Property Law: Early Cancellation of a Lease Agreement

2020 has been an unpredictable year, to say the least. Each new week seems to hold its own uncertainties and concerns. In such times, tenants of residential property may be forced to reconsider their lease obligations due to a change of personal circumstances necessitated by COVID-19 and the pursuant lockdown. Tenants should carefully consider their options before cancelling a lease.

As a point of departure, the tenant should consult the lease agreement to check whether there are any provisions pertaining to early cancellation. If there is no such clause, or if the terms of the clause do not provide for acceptable relief, the tenant should consider approaching the landlord with a view to negotiating an agreement.

If the landlord and tenant are not able to reach an agreement then, before relying on the legal remedies that are available, which will inevitably be time-consuming and stressful, the landlord and tenant should consider agreeing to appoint an independent mediator. Mediation, by a trained and accredited commercial mediator, is an informal process that can be arranged at short notice. Through a process of confidential dialogue with the landlord and the tenant, the mediator will assist them to resolve the issues to their mutual satisfaction. The advantage of the process of mediation is that each party is able to make confidential disclosures to the mediator who will then be able explore their respective interests and to assist them in reaching a solution. The process is one that will help in avoiding stress and antagonism.

Should the parties be unable to reach an agreement the tenant may resort to the Consumer Protection Act 68 of 2008 (“the CPA”), which will generally be applicable to residential lease agreements, except in rare circumstances.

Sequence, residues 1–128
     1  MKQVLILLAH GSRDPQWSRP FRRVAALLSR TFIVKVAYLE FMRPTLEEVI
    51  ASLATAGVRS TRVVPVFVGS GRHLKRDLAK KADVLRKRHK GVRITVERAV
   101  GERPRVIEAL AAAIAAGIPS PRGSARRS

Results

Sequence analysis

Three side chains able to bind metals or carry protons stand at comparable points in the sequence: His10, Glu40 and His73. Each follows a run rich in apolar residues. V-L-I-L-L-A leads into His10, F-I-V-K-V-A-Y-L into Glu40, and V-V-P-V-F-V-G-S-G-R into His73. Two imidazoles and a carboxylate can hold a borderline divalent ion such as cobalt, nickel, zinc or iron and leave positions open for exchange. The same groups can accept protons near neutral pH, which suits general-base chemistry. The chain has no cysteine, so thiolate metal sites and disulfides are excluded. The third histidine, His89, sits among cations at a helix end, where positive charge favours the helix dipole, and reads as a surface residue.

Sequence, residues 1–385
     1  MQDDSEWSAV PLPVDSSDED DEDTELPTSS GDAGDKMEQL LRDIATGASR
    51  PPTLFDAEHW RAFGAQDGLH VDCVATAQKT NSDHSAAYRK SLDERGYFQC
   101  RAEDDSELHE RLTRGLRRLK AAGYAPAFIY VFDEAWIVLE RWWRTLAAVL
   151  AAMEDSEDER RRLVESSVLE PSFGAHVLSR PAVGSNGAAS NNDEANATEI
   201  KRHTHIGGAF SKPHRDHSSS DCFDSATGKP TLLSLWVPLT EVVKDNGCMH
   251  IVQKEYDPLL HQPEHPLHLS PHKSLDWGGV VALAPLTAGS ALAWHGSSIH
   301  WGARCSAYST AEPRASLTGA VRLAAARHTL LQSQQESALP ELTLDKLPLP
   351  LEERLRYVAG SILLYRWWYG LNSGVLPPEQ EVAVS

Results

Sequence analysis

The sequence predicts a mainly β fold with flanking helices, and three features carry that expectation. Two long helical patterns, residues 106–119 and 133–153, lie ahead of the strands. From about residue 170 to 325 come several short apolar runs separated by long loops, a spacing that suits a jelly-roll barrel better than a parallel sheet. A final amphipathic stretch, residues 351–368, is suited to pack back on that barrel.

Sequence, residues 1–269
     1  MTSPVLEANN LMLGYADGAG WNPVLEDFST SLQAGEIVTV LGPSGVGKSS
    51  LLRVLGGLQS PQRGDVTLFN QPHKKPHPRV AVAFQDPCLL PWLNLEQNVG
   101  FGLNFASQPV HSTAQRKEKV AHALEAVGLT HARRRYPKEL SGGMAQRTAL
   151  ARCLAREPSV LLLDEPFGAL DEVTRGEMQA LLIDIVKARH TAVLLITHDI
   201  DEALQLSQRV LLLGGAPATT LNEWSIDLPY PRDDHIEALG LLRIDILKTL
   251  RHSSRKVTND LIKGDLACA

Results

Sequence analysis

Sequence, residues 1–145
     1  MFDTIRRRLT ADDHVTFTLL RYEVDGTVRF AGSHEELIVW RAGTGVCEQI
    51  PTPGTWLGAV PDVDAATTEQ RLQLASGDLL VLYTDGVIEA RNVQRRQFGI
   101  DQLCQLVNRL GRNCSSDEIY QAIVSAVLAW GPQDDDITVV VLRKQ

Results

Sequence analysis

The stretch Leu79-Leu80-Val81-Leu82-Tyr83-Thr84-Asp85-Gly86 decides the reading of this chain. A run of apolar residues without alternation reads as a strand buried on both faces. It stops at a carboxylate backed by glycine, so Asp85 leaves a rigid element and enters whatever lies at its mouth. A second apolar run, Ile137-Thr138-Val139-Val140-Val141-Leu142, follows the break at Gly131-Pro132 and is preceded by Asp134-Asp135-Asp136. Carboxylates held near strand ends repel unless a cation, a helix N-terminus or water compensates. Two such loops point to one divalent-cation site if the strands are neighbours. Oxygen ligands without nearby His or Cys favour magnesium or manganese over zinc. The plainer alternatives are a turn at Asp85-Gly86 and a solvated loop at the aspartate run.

If the CPA is applicable to the lease agreement, the tenant would be entitled to cancel the lease agreement at any time, even if there is no cancellation clause in the agreement. Section 14(2)(b) of the CPA states that a tenant may cancel the lease agreement by giving 20 business days’ notice in writing, despite any provision of the lease agreement to the contrary, subject to liability for a reasonable cancellation penalty. Regulation 5 of the CPA provides as to what a “reasonable cancellation penalty” entails, which may require negotiation or determination by the National Consumer Tribunal or the Rental Housing Tribunal if the cancellation penalty is excessive or unfair.

Upon expiry of a fixed-term lease agreement the lease agreement will automatically continue on a month-to-month basis, unless the tenant expressly agreed to the renewal of a further fixed-term or terminated the agreement upon the expiry date. In such a case, the provisions of the Rental Housing Act 50 of 1999 are relevant. The landlord can cancel the lease agreement, in terms of the Act, by giving one calendar months’ notice, which is a notice that must be given before the end of the month, to terminate the contract at the end of the next month. (Luanga v Perthpark Properties Ltd 2019 (3) SA 214 (WCC)).

There are therefore various considerations at play when a tenant considers premature cancellation of a lease agreement. Before giving notice of cancellation to a landlord, tenants should consult an attorney for advice on the best approach to be adopted, in order to avoid unnecessary stress and an exorbitant cancellation penalty.

David Smit l Accredited mediator, South Africa and UK
dsmit@dkvg.co.za

This article is for general information purposes and should not be used or relied on as legal or other professional advice. No liability can be accepted for any errors or omissions nor for any loss or damage arising from reliance upon any information herein. Always contact us At DKVG Attorneys for specific and detailed advice.

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